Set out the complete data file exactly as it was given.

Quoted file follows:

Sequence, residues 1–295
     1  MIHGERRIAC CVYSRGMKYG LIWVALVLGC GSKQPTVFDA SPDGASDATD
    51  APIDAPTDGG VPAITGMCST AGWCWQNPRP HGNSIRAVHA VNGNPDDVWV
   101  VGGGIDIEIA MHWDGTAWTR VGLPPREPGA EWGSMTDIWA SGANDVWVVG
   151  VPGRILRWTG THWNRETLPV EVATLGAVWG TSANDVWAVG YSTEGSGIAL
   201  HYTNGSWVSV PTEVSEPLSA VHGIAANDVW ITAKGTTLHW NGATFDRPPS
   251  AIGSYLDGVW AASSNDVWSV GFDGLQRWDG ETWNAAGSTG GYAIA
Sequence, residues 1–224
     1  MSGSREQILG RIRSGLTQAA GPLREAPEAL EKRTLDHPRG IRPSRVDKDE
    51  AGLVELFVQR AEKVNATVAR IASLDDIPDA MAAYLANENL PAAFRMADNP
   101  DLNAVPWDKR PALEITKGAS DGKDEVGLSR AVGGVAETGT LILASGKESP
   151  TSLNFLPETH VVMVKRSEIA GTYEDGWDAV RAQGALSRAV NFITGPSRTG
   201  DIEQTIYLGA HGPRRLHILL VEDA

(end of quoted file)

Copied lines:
Sequence, residues 1–295
     1  MIHGERRIAC CVYSRGMKYG LIWVALVLGC GSKQPTVFDA SPDGASDATD
    51  APIDAPTDGG VPAITGMCST AGWCWQNPRP HGNSIRAVHA VNGNPDDVWV
   101  VGGGIDIEIA MHWDGTAWTR VGLPPREPGA EWGSMTDIWA SGANDVWVVG
   151  VPGRILRWTG THWNRETLPV EVATLGAVWG TSANDVWAVG YSTEGSGIAL
   201  HYTNGSWVSV PTEVSEPLSA VHGIAANDVW ITAKGTTLHW NGATFDRPPS
   251  AIGSYLDGVW AASSNDVWSV GFDGLQRWDG ETWNAAGSTG GYAIA
Sequence, residues 1–224
     1  MSGSREQILG RIRSGLTQAA GPLREAPEAL EKRTLDHPRG IRPSRVDKDE
    51  AGLVELFVQR AEKVNATVAR IASLDDIPDA MAAYLANENL PAAFRMADNP
   101  DLNAVPWDKR PALEITKGAS DGKDEVGLSR AVGGVAETGT LILASGKESP
   151  TSLNFLPETH VVMVKRSEIA GTYEDGWDAV RAQGALSRAV NFITGPSRTG
   201  DIEQTIYLGA HGPRRLHILL VEDA